When Robert Enslin was hired as co-CEO of UiPath in April of 2022, the chaos of the pandemic was not long in the rearview mirror, a major war in Europe had erupted and people were understanding the reality that massive inflation would drive up the price of just about everything. Over the course of the courtship that brought Enslin to UiPath after a successful stint leading Google Cloud, two things became apparent to him. The automation space itself was not properly defined, making it difficult for customers and prospects to understand. And, more importantly, UiPath didn’t quite know its own strength. Amid global upheaval, there was opportunity.
A Platform, Not a Tool
His research and conversations with people inside and outside UiPath convinced him that the set of capabilities the company had developed or acquired since its launch, integrated and presented the right way, represented a comprehensive enterprise automation platform. While it wasn’t fully formed when he accepted the position, the bones were there, he says, even if the details and the proper way to communicate them to customers and partners were not.
“I spent time with Daniel [Dines, co-CEO of UiPath] before I agreed to take the position and told him, ‘you have a platform here.’ I don’t think he believed me,” Enslin laughed during an interview with Automation Today at UiPath’s recent Forward VI user conference. “I believed there was a real opportunity, even if the end users don’t yet understand the potential.”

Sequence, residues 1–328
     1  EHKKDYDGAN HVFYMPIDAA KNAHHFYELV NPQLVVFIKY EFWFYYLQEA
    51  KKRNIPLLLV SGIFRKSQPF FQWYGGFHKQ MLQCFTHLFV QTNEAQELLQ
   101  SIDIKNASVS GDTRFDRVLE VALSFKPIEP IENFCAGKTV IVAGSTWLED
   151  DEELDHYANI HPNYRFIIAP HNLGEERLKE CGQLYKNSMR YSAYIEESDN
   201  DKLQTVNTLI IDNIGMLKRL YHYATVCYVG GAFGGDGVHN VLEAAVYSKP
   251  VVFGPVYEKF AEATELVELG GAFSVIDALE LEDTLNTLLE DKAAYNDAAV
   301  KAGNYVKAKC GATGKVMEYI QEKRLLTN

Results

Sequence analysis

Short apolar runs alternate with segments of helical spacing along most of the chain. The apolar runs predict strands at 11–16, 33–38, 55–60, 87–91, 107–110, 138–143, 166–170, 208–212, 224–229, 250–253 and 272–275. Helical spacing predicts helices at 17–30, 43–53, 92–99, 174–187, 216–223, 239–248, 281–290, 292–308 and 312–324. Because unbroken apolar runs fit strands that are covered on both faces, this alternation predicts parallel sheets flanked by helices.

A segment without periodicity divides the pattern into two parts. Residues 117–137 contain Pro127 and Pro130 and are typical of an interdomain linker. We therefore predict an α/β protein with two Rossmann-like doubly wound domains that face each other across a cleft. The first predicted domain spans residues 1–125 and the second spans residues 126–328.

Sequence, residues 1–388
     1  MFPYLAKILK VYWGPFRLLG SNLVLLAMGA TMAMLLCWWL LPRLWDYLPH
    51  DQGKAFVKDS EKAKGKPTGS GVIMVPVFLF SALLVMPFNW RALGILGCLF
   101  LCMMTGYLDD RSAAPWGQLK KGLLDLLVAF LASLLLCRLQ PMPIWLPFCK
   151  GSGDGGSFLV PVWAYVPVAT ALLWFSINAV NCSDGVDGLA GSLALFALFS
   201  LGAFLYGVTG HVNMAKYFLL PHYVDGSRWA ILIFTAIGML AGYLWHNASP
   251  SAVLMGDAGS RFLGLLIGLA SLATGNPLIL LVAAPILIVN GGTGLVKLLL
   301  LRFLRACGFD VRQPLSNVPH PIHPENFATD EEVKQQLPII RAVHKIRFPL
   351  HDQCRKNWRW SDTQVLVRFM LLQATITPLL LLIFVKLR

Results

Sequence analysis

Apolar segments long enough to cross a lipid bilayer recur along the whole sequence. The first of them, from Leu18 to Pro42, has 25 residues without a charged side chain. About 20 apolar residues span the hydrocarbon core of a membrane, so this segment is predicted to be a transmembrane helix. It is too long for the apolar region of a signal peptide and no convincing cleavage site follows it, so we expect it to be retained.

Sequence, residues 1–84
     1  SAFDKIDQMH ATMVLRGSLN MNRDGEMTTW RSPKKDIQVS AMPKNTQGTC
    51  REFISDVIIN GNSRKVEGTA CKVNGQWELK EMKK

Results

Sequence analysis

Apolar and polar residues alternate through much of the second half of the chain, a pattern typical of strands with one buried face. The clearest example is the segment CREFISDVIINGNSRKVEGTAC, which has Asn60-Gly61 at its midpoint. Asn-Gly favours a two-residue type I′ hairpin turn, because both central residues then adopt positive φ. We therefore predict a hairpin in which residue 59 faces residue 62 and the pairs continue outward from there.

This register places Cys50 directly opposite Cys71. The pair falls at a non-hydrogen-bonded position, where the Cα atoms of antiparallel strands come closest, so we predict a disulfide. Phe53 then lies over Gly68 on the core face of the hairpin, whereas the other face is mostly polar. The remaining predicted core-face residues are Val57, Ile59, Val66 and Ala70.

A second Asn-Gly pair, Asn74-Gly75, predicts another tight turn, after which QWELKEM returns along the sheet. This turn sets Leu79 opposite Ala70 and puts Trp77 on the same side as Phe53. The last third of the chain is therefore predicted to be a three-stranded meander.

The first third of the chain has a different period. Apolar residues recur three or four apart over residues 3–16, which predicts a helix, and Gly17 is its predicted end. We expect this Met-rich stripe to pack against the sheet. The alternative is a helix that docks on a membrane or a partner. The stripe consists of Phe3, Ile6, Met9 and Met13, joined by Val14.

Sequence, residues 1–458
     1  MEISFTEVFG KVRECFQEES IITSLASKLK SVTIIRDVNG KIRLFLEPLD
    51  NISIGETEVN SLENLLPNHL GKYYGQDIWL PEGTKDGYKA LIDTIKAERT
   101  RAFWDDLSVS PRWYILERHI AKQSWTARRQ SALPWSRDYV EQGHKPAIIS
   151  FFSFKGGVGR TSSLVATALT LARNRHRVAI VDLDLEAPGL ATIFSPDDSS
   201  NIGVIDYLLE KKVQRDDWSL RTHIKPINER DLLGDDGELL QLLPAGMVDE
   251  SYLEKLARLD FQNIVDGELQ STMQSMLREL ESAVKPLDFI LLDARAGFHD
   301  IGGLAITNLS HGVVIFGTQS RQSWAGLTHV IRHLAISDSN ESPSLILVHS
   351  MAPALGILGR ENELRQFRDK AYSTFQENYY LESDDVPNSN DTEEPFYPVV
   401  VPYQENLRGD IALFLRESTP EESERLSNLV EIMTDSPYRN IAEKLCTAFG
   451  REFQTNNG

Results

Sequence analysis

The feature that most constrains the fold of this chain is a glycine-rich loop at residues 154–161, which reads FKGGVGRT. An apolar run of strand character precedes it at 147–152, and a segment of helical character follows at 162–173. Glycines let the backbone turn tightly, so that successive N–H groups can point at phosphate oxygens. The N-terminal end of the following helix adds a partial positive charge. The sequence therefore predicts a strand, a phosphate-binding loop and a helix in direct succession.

While Enslin agrees that the low-code movement and the democratization of technology among business users is here, he felt UiPath’s emphasis on RPA and “a robot for everybody” was drawing focus away from bringing all the company’s capabilities together and marketing it as a true automation platform.
Enslin, who had shepherded and grown Google Cloud through the pandemic and understood how crises in the business environment affected investment in technology, saw he should spend his first six months visiting customers, getting them to understand the potential of the full range of automation capabilities. At the same time, UiPath would have the time to develop the platform he felt could meet those needs and could unveil it when macro events had settled.